Indie Music: The New Pop?

Written for my COMM100 class (Fall semester 2009) in October 2009, as part of a blog entry assignment.

The indie music genre, named for it’s disconnection from the mainstream, is, ironically, filtering into the popular sphere.

Playing lesser known artists in mass audience media is nothing new. In current memory, the teenage soap opera The O.C. perfected the incorporation of low-key, hipster music into their scenes to achieve the extra dramatic effect, while giving the show countless cool points.

After The O.C., ABC’s prime-time hit Grey’s Anatomy is also noted for it’s use of alternative and indie music in emotional scenes and promos. Not to be outdone by The O.C, whose six soundtracks fantastically compiled featured music from artists like Phantom Planet (who play the show’s now-iconic theme song, their break into fame) to singer-songwriter Ben Kweller, to alternative electronic band LCD Soundsystem, Grey’s released three soundtracks filled with it’s own collection of indie music.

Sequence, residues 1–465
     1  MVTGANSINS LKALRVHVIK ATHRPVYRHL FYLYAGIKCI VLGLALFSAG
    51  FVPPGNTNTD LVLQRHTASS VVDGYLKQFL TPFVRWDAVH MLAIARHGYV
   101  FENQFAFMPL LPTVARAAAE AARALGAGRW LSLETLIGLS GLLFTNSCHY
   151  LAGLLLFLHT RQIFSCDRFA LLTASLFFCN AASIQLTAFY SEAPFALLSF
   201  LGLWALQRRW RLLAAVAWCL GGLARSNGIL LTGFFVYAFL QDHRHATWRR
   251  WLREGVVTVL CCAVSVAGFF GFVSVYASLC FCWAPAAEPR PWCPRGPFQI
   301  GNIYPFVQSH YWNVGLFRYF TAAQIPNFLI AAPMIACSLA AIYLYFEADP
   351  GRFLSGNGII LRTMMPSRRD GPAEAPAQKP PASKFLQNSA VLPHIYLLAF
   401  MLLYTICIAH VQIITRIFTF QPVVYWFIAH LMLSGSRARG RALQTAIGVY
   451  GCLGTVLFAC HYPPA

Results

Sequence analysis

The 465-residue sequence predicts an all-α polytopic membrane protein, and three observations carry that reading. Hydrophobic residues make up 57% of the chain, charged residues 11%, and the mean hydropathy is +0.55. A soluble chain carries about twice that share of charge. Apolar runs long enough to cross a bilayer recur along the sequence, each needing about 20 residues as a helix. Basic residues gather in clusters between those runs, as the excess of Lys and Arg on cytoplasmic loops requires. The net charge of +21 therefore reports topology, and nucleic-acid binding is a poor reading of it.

However popular television and film is abusing independent music in hopes to achieve hipster credibility, too. The O.C. has set some sort of precedent for teenage dramas and their use of indie music. Gossip Girl, One Tree Hill, 90210 prominently feature alternative music in O.C. fashion, yet much less successfully—a lingering sense of “trying too hard” to gain the hipster credibility is difficult to overlook.

In film, most recently the melodramatic and mindless vampire teenybopper craze, the Twilight series, jumped on the indie bandwagon. For the newest flick, the producers somehow managed to convince indie rock kings Death Cab for Cutie to write and record a new song specially for New Moon. Also featured on the newest soundtrack are noted artists in the alternative and indie communities including Thom Yorke, Anya Marina, Muse and Grizzly Bear.

While it does widen the audience of these musicians and allows them to reach out to music lovers who might not otherwise hear their songs, it could also creates a less genuine fan base who might only know a band because they heard that one song on that one show. Yet the real issue is with the quality that this music is used in media. Are music producers picking these songs because they fit best in the scene, or are they out for cool points of their own.

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